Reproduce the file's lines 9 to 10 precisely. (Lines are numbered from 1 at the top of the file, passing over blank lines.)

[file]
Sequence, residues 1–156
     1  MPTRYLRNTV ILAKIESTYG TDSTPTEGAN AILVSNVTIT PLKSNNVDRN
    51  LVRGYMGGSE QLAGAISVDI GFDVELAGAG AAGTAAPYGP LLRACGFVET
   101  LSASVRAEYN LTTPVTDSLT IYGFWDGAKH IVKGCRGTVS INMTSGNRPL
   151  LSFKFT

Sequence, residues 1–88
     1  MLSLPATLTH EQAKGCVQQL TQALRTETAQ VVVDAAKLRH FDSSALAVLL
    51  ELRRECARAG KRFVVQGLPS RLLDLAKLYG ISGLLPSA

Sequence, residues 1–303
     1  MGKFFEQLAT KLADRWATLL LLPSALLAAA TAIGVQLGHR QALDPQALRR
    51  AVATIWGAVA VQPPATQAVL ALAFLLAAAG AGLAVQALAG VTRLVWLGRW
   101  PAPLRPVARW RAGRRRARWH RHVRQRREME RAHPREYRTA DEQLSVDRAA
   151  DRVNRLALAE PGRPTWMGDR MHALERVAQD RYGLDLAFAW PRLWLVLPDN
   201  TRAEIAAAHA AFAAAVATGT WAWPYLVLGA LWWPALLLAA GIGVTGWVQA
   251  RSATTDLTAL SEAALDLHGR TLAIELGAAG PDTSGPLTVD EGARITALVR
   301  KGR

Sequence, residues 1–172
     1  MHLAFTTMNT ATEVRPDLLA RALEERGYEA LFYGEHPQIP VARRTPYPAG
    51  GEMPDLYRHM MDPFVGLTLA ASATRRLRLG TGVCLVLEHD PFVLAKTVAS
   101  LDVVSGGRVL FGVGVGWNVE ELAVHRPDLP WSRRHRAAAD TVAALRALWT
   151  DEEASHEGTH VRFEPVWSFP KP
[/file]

Sequence, residues 1–303
     1  MGKFFEQLAT KLADRWATLL LLPSALLAAA TAIGVQLGHR QALDPQALRR